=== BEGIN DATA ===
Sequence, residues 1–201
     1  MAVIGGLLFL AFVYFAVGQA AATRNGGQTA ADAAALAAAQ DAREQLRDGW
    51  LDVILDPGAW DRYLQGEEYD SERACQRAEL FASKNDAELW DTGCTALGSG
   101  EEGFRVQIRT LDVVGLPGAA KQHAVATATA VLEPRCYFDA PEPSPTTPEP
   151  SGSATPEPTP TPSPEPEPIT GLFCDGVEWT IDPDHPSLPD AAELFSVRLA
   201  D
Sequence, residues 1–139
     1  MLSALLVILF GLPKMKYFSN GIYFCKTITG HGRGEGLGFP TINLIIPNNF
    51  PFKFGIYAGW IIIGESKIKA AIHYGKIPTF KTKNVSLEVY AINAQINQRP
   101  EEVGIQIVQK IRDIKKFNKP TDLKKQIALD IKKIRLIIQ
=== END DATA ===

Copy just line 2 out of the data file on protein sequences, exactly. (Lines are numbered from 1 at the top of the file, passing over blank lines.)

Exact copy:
     1  MAVIGGLLFL AFVYFAVGQA AATRNGGQTA ADAAALAAAQ DAREQLRDGW